32. This additional support from the UK (together with Ireland and Norway on fertiliser, and Norway and Germany on drugs) has been largely well received locally and the majority of opinion is positive that we are keeping our pledge to support the poor people of Malawi. There are however some voices that suggest any support to Malawi at this time—whether through Government system or not—is seen as supporting the Government.

33. We are scaling up on the governance side, particularly around accountability and empowerment, and considering how we can best support the tripartite elections, due in 2014. We are also looking to do more on building resilience (agriculture and livelihoods) and have a small, but expanding, private sector portfolio. Our support to health and education continues through the sector wide approaches both through the government’s systems and also increasingly with other partners, for example scaling up family planning services and increasing our support to schools through UNICEF. Whichever scenario Malawi follows over the next few years, we are planning for increased social protection programmes.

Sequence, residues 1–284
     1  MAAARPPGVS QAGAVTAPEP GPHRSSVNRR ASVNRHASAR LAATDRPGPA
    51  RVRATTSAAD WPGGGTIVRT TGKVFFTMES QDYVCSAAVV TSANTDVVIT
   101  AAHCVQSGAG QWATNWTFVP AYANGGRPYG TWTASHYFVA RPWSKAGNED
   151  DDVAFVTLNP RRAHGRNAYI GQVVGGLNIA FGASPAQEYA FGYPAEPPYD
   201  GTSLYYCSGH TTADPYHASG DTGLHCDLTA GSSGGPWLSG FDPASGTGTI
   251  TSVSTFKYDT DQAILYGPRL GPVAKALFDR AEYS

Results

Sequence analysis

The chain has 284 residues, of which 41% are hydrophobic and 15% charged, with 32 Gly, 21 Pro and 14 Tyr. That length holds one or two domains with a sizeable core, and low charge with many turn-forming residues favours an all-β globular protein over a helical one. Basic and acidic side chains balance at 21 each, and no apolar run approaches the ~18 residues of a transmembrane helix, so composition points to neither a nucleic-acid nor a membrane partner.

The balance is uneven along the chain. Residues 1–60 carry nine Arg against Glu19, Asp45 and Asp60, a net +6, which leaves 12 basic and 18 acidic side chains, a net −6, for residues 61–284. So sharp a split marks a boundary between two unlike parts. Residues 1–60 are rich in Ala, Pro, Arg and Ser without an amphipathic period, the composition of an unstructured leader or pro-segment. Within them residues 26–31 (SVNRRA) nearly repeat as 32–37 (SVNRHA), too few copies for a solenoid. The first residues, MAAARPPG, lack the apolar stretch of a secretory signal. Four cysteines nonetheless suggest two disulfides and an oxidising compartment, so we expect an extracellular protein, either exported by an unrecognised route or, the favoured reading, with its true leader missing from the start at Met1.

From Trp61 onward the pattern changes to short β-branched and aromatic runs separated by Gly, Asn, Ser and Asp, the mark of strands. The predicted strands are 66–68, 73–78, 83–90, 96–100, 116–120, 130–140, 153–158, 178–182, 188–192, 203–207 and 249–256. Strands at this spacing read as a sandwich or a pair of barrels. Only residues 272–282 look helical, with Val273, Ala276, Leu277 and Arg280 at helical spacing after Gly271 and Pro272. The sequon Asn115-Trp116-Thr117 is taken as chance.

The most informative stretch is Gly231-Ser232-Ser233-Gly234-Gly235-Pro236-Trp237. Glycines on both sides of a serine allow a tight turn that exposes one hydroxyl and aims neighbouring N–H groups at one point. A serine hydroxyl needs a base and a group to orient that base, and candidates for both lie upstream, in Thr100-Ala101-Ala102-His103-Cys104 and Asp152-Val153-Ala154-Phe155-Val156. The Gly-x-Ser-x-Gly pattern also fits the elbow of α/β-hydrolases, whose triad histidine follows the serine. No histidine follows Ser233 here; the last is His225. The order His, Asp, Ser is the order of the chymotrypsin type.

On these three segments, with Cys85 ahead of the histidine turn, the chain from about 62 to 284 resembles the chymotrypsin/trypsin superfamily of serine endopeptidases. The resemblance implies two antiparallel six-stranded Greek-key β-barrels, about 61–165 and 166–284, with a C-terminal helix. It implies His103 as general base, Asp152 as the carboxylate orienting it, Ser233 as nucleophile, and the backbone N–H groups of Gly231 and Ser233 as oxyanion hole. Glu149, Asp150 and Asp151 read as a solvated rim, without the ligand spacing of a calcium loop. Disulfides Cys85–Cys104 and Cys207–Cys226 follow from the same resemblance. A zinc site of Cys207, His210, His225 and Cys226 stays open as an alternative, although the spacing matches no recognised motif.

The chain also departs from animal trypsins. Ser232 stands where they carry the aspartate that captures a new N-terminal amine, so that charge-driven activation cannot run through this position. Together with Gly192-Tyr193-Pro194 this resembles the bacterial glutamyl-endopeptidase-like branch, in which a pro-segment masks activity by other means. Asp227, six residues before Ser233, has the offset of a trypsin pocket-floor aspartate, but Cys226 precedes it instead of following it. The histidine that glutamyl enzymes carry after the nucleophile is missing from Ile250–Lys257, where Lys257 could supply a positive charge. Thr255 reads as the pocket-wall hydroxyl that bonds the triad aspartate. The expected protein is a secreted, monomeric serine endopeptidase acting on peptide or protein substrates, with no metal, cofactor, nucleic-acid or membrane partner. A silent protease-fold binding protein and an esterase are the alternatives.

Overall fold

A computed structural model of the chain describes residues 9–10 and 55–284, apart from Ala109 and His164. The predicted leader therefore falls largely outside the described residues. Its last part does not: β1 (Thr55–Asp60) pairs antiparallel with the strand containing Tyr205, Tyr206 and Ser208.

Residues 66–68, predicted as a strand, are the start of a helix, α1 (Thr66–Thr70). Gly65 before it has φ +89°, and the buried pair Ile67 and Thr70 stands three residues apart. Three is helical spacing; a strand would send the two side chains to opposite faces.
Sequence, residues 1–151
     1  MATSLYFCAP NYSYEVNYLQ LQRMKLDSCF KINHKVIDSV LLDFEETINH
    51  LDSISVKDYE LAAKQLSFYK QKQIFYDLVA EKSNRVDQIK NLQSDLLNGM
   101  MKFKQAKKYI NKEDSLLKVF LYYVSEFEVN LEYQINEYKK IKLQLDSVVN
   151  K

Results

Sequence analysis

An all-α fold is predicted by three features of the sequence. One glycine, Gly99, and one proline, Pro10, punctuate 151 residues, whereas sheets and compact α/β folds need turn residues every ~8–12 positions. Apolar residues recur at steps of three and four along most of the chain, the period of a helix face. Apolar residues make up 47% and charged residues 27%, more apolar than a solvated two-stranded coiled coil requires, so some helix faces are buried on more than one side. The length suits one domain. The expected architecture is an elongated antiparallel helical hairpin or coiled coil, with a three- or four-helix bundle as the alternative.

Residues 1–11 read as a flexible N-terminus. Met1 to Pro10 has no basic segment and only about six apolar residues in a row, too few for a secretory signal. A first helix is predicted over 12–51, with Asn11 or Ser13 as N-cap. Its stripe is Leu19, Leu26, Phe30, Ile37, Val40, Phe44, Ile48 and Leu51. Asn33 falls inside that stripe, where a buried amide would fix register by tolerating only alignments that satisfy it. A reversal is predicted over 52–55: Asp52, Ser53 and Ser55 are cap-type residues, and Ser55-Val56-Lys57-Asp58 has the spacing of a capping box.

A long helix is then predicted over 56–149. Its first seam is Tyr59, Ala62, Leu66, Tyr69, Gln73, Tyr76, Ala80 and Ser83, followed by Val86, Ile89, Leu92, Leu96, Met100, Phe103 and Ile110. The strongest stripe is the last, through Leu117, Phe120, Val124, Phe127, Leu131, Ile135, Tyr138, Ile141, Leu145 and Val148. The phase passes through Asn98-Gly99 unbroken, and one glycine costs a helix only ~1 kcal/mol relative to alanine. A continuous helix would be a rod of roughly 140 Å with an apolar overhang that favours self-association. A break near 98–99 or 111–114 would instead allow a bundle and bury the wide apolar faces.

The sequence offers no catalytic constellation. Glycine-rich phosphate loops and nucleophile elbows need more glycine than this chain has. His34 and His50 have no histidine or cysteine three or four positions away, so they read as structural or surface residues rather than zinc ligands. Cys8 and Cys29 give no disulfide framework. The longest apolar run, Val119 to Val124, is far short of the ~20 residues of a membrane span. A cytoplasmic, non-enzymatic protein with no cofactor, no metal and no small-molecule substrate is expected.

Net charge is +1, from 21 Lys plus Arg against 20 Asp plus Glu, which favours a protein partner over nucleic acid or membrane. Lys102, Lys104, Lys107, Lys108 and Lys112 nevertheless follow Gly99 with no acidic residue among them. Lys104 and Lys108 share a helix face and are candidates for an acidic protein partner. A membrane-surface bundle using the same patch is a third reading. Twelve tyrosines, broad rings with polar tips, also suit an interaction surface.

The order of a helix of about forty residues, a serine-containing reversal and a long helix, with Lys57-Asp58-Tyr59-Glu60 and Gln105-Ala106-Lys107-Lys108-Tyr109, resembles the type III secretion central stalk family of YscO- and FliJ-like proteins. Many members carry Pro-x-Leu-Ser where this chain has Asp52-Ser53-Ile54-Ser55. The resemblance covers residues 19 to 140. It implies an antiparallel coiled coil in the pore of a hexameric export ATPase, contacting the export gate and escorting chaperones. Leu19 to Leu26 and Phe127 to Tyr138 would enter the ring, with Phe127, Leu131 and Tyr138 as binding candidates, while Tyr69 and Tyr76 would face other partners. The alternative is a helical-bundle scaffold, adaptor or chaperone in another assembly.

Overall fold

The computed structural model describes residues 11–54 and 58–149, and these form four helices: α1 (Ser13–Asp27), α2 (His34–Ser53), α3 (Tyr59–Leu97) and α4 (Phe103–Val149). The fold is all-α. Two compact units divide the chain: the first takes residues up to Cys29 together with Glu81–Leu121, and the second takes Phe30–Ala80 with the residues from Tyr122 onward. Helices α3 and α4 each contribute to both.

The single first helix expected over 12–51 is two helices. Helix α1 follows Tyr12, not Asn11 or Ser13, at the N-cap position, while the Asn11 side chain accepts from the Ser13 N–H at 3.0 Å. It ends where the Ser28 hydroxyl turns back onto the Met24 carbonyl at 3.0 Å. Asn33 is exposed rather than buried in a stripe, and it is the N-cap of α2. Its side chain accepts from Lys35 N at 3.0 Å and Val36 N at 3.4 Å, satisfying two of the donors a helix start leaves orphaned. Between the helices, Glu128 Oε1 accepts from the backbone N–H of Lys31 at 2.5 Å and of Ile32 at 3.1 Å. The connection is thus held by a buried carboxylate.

Department for International Development

16 February 2012


(i) See World Bank World Governance Indicators

(ii) The cost of a basic needs rose by almost 30% over the course of 2011 (see Centre for Social Concern, Basic Needs Basket January 2012).


(iv) See for example IDS Citizenship Research Centre, Putting Citizens at the centre: linking state and societies for responsive governance, 2010.

1 Access to Legal Aid in Criminal Justice Systems in Africa, Survey Report, Paralegal Services Advisory Institute, Malawi, February 2010, p 5.

2 OSJI. The Socio-economic Impact of Pre-trial Detention, 2011.

Prepared 23rd July 2012